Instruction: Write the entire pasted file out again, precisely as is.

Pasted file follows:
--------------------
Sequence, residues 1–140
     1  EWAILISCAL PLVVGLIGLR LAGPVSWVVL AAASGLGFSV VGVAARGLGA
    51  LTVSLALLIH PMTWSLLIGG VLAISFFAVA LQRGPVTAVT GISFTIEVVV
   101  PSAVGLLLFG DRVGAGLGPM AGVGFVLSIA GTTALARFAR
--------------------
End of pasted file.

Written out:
Sequence, residues 1–140
     1  EWAILISCAL PLVVGLIGLR LAGPVSWVVL AAASGLGFSV VGVAARGLGA
    51  LTVSLALLIH PMTWSLLIGG VLAISFFAVA LQRGPVTAVT GISFTIEVVV
   101  PSAVGLLLFG DRVGAGLGPM AGVGFVLSIA GTTALARFAR